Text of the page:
Blue Ridge ESOP Associates
(Charlottesville VA / Telecommute)
Retirement Plan Consultant
Cetera Retirement Plan Specialists
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|Question 299: This question relates to credit unions and the common control regulations for tax-exempt organizations (Sec. 1.414(c)-5). There are a number of credit unions that are "sponsored" by various types of employers (corporations, school districts, government agencies, etc.). The credit unions were essentially established to serve as financial institutions for the organizations' employees. And, in many cases, the credit union membership is limited to employees of those organizations. Every credit union has a board of directors. In situations where a credit union is sponsored by an employer organization, the board of directors is mainly comprised of employees of the organization. They are elected by the credit union membership, not appointed by the employer organization. But they are nonetheless employees of the organization. My question is: Are these credit unions under common control with the sponsoring employer under the new regulations?|
Answer: This excellent question is important for several reasons besides the concerns of credit unions:
Sentence 2 sets forth the standard that we use to determine if common control exists under the regulations. If at least 80% of the board members (be it board of directors or board of trustees or any other governing body) of one organization are “representatives of” or “controlled by” the other organization, the two are under common control. Again, sentence 2 carefully indicates that it applies to an exempt organization and “another organization”
Sentences 3 and 4 define “representative of” and “controlled by,” respectively. Suppose I am on the board of exempt organization 1. Sentence 3 tells us that if I am a board member, agent, or employee of another exempt organization, I am a representative of that second organization. Sentence 4 tells us that if another organization has the general power to remove and replace me (under all facts and circumstances — see sentence 5), I am controlled by the second organization.
Now, compare the types of entities described in sentences 3 and 4. Sentence 4, defining “controlled by” follows the pattern of sentences 1 and 2. It is not limited to a pair of exempt organizations. In fact, if sentence 4 stood on its own, it could apply to any two organizations, regardless of exempt status. Of course, in context, at least one of the two organizations must be an exempt organization for the paragraph as a whole to apply.
But now look at sentence 3. In this very carefully crafted paragraph, sentence 3, the definition of “representative of” is limited to two exempt organizations. By its terms, sentence 3 does not apply to the combination of an exempt organization and a taxable business.
(Sentence 6 provides an example showing a chain of related organizations. The only taxable organization is C, which is part of the chain under the normal parent-subsidiary rules, without regard to the new regulations.)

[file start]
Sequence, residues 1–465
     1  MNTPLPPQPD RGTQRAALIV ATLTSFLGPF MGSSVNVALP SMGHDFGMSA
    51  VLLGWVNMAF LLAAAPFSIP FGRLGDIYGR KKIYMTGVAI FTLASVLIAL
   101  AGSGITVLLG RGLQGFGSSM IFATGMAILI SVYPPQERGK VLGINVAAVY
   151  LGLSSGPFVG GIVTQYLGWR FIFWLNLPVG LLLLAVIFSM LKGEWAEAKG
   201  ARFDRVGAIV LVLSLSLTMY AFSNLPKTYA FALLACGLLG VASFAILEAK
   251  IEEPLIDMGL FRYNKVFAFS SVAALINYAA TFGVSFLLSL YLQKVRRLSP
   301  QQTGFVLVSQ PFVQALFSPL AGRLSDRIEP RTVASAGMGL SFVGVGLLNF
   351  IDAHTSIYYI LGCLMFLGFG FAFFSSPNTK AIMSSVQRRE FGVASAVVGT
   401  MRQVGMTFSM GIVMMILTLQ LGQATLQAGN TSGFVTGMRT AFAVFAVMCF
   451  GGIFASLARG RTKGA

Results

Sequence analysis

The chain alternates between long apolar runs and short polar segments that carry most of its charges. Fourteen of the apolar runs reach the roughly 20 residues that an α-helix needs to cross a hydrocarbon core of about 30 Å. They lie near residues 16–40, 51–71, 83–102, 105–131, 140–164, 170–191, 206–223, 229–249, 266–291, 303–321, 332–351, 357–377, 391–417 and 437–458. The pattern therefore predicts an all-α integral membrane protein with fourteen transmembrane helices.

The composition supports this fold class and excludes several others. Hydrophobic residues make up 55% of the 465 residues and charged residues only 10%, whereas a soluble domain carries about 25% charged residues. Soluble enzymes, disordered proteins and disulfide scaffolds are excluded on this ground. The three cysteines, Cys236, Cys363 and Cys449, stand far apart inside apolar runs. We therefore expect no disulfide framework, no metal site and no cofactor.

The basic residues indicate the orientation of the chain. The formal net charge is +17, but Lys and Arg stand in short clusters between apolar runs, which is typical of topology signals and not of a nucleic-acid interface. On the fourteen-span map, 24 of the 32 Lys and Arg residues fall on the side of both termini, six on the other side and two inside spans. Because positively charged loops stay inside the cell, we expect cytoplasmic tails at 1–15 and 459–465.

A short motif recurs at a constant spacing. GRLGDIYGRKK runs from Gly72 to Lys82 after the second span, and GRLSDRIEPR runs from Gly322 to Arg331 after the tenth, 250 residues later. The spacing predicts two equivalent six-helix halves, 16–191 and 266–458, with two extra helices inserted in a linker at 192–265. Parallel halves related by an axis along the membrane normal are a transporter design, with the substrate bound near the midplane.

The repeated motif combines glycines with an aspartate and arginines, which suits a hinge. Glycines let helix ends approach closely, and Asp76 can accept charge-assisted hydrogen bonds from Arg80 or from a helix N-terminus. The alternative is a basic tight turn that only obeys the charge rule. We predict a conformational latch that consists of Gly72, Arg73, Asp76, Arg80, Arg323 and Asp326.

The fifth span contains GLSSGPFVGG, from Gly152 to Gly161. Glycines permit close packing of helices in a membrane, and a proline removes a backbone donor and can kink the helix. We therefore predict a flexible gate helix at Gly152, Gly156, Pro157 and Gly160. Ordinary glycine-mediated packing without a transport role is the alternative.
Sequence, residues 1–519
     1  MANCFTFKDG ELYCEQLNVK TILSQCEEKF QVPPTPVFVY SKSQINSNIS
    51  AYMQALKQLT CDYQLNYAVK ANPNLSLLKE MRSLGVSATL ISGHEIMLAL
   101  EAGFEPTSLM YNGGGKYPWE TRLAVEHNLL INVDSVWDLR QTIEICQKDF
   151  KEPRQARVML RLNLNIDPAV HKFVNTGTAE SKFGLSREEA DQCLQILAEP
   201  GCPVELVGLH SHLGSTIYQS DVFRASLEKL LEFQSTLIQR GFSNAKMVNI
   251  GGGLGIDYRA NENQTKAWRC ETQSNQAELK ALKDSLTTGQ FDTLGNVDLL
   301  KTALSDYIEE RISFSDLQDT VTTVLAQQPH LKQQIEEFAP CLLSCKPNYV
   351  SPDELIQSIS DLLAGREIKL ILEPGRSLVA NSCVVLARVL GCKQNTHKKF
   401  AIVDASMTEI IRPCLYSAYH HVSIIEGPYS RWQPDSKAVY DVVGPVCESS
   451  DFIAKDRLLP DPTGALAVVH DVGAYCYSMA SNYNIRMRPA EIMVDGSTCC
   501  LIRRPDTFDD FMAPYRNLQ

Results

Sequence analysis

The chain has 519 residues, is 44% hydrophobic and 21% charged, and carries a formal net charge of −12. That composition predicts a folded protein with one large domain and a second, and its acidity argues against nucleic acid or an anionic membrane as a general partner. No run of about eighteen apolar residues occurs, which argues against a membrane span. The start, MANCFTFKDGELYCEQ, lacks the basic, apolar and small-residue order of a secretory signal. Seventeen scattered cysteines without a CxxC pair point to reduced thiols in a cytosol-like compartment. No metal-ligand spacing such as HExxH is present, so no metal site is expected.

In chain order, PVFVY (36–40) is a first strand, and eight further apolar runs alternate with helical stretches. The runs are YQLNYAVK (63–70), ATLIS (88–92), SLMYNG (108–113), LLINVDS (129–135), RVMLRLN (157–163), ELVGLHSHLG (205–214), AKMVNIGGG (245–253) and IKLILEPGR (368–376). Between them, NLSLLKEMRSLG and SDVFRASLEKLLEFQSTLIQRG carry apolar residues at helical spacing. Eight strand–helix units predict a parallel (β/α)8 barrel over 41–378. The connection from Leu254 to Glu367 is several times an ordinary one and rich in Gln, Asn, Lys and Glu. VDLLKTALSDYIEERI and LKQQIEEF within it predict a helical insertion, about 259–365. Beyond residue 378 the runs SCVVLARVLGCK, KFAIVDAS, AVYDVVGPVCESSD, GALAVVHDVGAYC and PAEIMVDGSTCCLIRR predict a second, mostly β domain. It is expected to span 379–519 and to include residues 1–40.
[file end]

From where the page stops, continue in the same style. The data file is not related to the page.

This new rule does not apply to churches or church-controlled organizations. Treas. Reg. §1.414(c)-5(a). According to the regulatory preamble, it also does not apply to “a State or local government or a federal government entity.”
I submit there are two ways to interpret the limitation of sentence 3.
A. The Treasury didn’t mean it when they limited sentence 3 to two exempt organizations, and read in context they really intended it to apply to any pairing of an exempt organization and another organization. If that’s true, the employer-sponsored credit unions may be in deep trouble if they try to establish separate plans. But there is nothing in the regulatory language or the preamble to suggest that is true.
B. Alternatively, the Treasury meant what they said. An exempt organization can be under common control with any other organization if one of the two organizations controls at least 80% of the directors of the organization. If (and only if) you are dealing with two exempt organizations, you expand the common control situations to include directors of one organization who are “representatives of” or “controlled by” the other organization. If you can’t tell, I favor interpretation B. I am reading the words on the page and assuming that the Treasury meant what it said.
This is only part of the discussion of the new common control rules from the 5th edition of Who’s the Employer. Although I have begun shipping the print edition of the book, I will continue to honor my
"pre-order" 10% discount on all orders received through January 7, 2009.
Answers are provided as general guidance on the subjects covered in the question and are not provided as legal advice to the questioner or to readers. Any legal issues should be reviewed by your legal counsel to apply the law to the particular facts of this and similar situations.
The law in this area changes frequently. Answers are believed to be correct as of the posting dates shown. The completeness or accuracy of a particular answer may be affected by changes in the law (statutes, regulations, rulings, court decisions, etc.) that occur after the date on which a particular Q&A is posted.